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Dave Lazoe

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About Dave Lazoe

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  1. Hopefully I am not the only one who thinks this is neither "excellent" nor "exciting" news? A very sad situation as far as I am concerned! And: very creative writing on the account of the cathedral officials (on the Catheral's website): "(But,) over the years, the musicians have managed to make it sound like a silk purse, even if it continues to look like a sow’s ear". So, the only reason the organ ever sounded "like a silk purse" was due to the musicians, and not to the instrument itself. Quite an insult to its designer and builder! And, as far as the "looks" of the instrum
  2. There was an organbuilder in The Netherlands working in the 1950's using the name Melodia Orgelfabriek. The owner of this firm was Cornelis Verweijs. The quality of work in their pipe organ was very mediocre (and that's an understatement). Maybe there is a link? Dave Lazoe.
  3. "If new organs aren't commissioned, then organ-building firms will go bust, won't they?" (Quote) That is not what I meant. There are many hopeless organs around that can be replaced by better (new) instruments. But that is (in my opinion) not the case in Manchester cathedral. Besides, maintenance to existing organs also keep organ-building firms going. There is also the possibilty to keep, use and respect the Harrison & Harrison organ, and buy a new organ, made especially for the repertoire for which the present instrument is not suitable. You can have the best of both worlds (tho
  4. A new organ, WHY? In the present financial climate? I have heard this Harrison & Harrison organ several times, and each time it stole my heart. Maybe it is not their best instrument, but (to me) it seems ideal for this building (with its very organ unfriendly acoustics). WHY the need for a new organ, please read the description of the present organ on Manchester Cathedral's own website: http://www.manchestercathedral.org/content/view/57/197/ "Whilst this organ is not full appreciated by many who regard it as "out of fashion", it is a good example of Harrison's post-war Romant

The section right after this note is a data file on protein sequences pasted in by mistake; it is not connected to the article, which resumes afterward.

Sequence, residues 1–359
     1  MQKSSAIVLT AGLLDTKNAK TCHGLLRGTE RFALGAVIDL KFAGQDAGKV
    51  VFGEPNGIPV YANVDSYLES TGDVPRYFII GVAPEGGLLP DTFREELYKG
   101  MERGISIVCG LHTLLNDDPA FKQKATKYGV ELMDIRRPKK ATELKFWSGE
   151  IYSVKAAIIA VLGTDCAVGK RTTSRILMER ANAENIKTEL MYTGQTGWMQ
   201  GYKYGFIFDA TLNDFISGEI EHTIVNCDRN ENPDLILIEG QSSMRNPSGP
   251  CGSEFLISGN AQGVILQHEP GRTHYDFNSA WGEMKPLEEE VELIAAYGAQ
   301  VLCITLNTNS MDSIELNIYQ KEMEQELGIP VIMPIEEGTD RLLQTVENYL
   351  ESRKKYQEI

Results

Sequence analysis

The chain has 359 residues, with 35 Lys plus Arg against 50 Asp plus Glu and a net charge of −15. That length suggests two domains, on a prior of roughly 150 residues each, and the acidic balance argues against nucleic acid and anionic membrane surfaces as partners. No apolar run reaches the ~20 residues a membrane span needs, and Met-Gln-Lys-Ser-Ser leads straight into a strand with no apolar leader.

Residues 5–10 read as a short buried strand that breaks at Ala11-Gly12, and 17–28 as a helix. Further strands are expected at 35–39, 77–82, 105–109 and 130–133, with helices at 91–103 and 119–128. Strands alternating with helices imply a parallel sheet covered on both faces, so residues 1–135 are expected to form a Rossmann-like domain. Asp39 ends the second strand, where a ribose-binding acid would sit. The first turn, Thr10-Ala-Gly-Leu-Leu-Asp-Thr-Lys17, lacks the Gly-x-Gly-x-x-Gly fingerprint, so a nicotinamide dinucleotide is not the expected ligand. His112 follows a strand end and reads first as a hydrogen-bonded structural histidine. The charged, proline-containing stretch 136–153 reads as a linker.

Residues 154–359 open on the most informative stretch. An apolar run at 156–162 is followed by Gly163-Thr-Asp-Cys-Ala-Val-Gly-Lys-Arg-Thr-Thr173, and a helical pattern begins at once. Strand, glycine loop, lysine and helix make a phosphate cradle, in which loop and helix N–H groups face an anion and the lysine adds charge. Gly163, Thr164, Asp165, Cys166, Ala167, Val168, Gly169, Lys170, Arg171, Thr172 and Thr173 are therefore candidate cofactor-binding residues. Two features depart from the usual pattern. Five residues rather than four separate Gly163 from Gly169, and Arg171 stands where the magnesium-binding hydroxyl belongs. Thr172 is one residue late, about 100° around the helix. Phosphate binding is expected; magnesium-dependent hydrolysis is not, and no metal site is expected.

5. Pierre, I have checked this, the wind pressure on which this stop speaks is 110 Mm. It is on Manual 2 (Schwellwerk), all the stops of this manual speak on 90 Mm, except for the two reeds and the Syntematophon, which are on 110 Mm. Regarding the history of this very interesting organ: there is a book available called "Orgelreform in Nederland:, published by the Walburg Pers / Stichting Monumentaal Walcker-orgel Doesburg / Rijksdienst voor de Monumentenzorg. It was published in 2003 and is still available, if you are interested. I know the organist of the church very well, so if you
  6. Fortunately there is at least one other example of a Synt(h)ematophon known and in use. The 1914-16 Walcker organ of the Grote Kerk in Doesburg (built for the Nieuwe Zuiderkerk in Rotterdam) has such a stop, still speaking on its original chest and pressure. Any other examples known?
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